Re: Request for HUP-ing Unix clients

Eating Before Swimming (mathboy@sizone.org)
Tue, 27 May 1997 21:16:16 -0400 (EDT)


then Andrew Sterian's all..
>
> Garance A Drosehn writes...

> > the real users to have *all* the resources of the machine. And,

> The 'rmproc' program gives the console user control over all background
> processes (except for system processes, of course). The 'rmproc' program
> will let the user:
> - re-nice the process to something lower (mainly for processes NOT
> running under babysit)
> - stop the process (if not already stopped by babysit)
> - kill the process (even if it doesn't belong to the login user)

This is no good. A blank newly booted SGI with IRIX on it would NOT
have these services available. This would be extra for the users
to consider, and a pain for them to have to keep in mind if they want
to give away a slot in the process table, or not, as a 'favour' to
someone else. Then, when things hang on them and they have no clue
what it is, their code, those amazingly solid IRIX binaries or deschall,
they have to restart from scratch, and, guess what - first thing they'll
do it kill deschall and try it again. And theyll never know if the
fact that deschal ran for even a SECOND or two and was then stopped
or killed is causing the problem, yes, deschall post mortem. (I have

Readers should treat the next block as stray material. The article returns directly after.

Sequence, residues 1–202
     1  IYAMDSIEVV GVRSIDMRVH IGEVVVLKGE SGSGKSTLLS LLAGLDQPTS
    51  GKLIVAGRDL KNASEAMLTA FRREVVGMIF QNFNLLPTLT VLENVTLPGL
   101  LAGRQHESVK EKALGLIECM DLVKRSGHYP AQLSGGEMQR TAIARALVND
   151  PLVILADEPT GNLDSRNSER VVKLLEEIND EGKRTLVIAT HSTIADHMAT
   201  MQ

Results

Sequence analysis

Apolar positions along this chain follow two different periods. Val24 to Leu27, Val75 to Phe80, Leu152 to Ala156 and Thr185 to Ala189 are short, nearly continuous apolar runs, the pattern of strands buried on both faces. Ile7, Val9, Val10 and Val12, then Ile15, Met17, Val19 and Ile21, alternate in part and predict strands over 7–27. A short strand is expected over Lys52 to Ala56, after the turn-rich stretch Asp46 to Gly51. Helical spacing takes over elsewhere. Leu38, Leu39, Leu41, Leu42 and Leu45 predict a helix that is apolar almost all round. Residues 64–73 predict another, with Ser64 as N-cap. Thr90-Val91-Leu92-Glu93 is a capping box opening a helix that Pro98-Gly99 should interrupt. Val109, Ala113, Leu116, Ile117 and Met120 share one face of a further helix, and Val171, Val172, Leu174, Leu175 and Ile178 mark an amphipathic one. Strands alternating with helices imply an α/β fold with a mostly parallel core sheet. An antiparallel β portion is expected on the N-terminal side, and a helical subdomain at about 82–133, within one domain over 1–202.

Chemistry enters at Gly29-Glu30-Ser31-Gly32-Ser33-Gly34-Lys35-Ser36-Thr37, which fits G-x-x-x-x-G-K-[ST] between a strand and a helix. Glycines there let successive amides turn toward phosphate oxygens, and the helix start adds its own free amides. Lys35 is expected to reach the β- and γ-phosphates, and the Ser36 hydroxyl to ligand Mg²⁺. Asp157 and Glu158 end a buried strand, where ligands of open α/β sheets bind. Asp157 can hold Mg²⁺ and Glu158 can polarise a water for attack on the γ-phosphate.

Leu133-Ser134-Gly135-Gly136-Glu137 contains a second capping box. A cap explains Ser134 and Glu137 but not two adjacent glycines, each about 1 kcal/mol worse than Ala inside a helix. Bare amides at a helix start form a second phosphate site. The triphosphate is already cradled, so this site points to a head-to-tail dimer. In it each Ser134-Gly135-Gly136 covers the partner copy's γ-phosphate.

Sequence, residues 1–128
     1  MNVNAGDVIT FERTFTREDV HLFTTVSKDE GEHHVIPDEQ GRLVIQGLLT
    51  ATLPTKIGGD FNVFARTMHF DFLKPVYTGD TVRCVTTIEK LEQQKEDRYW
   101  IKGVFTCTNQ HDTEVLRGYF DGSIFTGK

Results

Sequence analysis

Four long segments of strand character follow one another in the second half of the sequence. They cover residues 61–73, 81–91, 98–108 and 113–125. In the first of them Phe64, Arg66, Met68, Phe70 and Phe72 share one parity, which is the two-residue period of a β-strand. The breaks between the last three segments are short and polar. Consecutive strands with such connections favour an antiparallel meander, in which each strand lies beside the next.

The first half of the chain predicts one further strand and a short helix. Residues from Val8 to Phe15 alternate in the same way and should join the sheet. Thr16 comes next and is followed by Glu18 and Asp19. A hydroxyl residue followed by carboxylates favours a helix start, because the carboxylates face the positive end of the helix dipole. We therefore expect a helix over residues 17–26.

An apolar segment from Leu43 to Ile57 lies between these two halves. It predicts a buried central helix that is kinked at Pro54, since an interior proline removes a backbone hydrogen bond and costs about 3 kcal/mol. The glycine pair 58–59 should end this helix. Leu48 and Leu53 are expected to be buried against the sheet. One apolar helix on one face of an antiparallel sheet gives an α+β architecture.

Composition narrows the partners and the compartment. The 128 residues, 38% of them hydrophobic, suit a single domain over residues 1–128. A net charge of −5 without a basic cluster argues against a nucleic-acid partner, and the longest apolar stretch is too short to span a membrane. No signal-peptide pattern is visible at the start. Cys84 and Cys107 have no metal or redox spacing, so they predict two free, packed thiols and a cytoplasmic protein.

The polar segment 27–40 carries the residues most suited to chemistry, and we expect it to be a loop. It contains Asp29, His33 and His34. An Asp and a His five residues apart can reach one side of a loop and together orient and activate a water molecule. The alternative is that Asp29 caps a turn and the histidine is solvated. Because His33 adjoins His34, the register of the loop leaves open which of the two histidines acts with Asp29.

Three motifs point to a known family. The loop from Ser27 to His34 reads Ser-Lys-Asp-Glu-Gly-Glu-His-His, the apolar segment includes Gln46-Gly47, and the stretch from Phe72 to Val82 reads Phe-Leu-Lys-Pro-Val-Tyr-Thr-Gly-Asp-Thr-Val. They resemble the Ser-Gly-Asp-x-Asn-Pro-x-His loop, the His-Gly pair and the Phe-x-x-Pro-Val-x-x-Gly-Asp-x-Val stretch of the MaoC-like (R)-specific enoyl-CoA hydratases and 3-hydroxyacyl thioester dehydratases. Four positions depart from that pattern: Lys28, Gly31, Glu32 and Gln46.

seen this with other servicesthings many times. Run one thing first
and even when it quits something else wont run again.)

So your solution is already flawed (as is my kill -STOP a concealingly
renamed deschal client).

> out because it's stopped, etc.) Still, the users' illusion that they have
> made great gains by killing DESCHALL is enough to keep everyone happy.

How many cycles does deschall get to run on your systems then? Does everone
kill it immediately at login? Are the machines busy often?

> The bottom line: getting sysadmins to implement a sound policy on
> running background programs (i.e., something like implementing babysit
> and rmproc) will go a long way towards keeping everybody happy, not
> only for DESCHALL but for the future as well.

This is not true. I remained unhappy because another user was running
a distributed process on all the boxes in the lab and I couldnt kill it.

But I didnt need to be. It was heavily niced, but this was 9 years ago
before I knew all the nuances of multitasking considerations in unix.
Had I and others who noticed all got the admins to kill it (which they
wouldnt have, already understanding how nice works (yes these were
admins of olde)), the student would have not got his work done,
and, by projection, no undertakings of multiprocessing would get very
far (as our machines were overused).

The only thing that WOULD have helped is if someone or some file or
something somewhere was around to EXPLAIN how nice works and how it was
not affecting my usage of the machine whatsoever. Me being able to kill
his process would not have been very helpful for him, nor for me when I
took that course and did the same thing a couple years later (had an
expectation of having an implimented system to kill everything in site
at login prevailed in the lab).

/kc

-- 
Ken Chase mathboy@sizone.org Sonic Interzone $free$ email/news Toronto Canada
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